So there’s even more tension than usual as Philip Goodwin’s shifty, weasely Cassius inveighs against Caesar to the Dukakislike Brutus being played by Robert Stattel. Lighting designer Christopher Akerlind creates a storm behind billowing purple fabric for these scenes, illuminating the conspirators from below so that they cast huge shadows on the marble edifices behind them. And he keeps the stage dim until after Mrs. Caesar (dressed in Nancy Reagan red) has failed to convince her husband to stay home from work. As a result, the harsh, shadowless, klieg-lighted Senate comes as a physical shock, with Caesar and everyone else seeming horribly exposed and vulnerable.

The assassination is sort of Zapruder by way of Peckinpah (albeit without blood): instantly familiar, harrowing, and balletic in its slo-mo stylization. But the killing’s aftermath is what’s truly terrifying—a pause, held so long that every conspirator’s doubts are given time to register. The revolution was planned only this far, their immobility seems to say. Now what? Spin doctors aren’t yet in place. And you can almost see them realizing that Mark Antony (Gary Sloan, in jeans and a greatcoat) will rile the populace and all hell will break loose.

The scenes that follow aren’t quite as effective as what precedes them, partly because the rabble-shouting-from-the-audience technique is getting old, and partly because the show’s acting interns (recruited from Howard, South Carolina, and Utah universities) have more energy than finesse. Still, the staging packs plenty of surprises right up to intermission, when the death of Cinna the poet (Floyd King) is depicted as gay-bashing of a particularly vitriolic sort.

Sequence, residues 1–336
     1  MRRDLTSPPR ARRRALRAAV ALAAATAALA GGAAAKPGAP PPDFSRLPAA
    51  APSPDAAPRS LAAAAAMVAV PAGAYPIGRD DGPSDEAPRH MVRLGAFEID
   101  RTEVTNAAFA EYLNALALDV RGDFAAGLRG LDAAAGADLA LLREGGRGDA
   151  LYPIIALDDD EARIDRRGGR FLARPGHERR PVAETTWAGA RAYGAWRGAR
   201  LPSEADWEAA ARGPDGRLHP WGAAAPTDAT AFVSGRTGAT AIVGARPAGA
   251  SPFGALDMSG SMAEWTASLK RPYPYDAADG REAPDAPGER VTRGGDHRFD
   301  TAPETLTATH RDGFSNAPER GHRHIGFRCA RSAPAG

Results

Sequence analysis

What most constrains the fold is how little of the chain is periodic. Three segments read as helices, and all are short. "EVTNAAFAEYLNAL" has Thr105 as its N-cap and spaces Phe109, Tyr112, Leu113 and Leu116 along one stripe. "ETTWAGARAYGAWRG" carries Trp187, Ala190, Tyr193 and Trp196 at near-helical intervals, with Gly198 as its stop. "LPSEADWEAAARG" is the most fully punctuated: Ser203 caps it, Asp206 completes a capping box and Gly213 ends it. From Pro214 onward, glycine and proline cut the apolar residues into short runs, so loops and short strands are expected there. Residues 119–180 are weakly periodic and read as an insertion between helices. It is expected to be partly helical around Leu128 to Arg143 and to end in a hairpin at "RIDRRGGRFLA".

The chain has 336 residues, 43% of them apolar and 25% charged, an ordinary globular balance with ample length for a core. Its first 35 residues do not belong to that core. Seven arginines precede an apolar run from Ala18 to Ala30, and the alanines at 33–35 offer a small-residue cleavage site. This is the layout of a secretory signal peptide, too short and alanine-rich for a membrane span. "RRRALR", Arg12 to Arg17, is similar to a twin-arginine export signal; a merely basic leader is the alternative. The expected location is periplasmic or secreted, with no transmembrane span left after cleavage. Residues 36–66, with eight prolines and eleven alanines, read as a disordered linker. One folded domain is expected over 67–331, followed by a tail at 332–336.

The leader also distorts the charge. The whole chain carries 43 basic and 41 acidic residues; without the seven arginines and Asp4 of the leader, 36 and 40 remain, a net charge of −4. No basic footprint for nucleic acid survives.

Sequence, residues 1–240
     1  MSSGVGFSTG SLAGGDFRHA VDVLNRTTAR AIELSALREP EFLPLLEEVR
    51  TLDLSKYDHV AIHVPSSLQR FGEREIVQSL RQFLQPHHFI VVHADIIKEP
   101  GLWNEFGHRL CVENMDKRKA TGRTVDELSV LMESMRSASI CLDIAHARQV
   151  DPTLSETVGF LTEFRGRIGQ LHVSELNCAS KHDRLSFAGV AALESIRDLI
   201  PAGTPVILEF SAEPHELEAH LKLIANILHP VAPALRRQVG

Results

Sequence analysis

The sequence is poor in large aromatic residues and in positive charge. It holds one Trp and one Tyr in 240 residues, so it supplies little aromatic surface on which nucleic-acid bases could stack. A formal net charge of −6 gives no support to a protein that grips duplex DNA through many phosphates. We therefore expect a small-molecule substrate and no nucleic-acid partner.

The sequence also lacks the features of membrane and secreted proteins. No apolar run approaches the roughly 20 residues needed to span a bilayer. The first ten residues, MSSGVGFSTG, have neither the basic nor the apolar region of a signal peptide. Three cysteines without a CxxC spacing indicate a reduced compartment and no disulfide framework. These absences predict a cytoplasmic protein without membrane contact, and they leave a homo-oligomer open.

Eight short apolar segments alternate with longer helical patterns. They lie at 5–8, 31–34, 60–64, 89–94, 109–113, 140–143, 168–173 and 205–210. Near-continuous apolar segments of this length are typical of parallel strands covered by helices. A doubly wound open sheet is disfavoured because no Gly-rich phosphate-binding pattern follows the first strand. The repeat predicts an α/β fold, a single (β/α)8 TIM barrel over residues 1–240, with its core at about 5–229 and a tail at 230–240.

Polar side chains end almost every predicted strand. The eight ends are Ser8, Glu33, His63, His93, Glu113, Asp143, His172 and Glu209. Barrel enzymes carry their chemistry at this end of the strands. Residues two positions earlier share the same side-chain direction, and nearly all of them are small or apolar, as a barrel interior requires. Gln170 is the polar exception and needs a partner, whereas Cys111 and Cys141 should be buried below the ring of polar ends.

The first few images of the second half are nearly as evocative as their counterparts in the first. Octavius Caesar downs a beer amid the huge chunks of marble and fragments of a bombed-out tower that are all that remain of the original setting. Mark Antony lists conspirators on his laptop computer—“He shall not live; look…,” he says, his finger poised for a dramatic keystroke, “with a spot I damn him.” And when a battlefield tent is required, the acres of purple fabric which billowed stormily in the first act fly up at center stage to create a tent fit for a general.

It is here that the second half’s strongest moment—the argument and reconciliation between a now hollow-eyed Brutus and a fatalistic, defensive Cassius—takes place. Thereafter, the play lets down this production as much as it does any other. In Elizabethan days, two entire acts of battle scenes may have been what theater patrons craved, but today, it’s hard not to be reminded that movies do warfare better. Actors charge on from stage left and right, thrust and parry for a bit, then charge up the aisles to no particular effect.

Still, Dowling keeps piling on the images, as sound designer Keith Thomas supplies sensurround crashes, brisk marches, and music fit for a biblical epic. Dowling carries off one final moment—what’s been called the Polanski effect, where a director adds a visual fillip to a closing scene to remind the audience just how often history repeats itself—by showing Octavius to be everything Brutus feared Caesar would become. It’s an ominous close for one of the most absorbing, visually riveting productions the Shakespeare Theater has produced in years.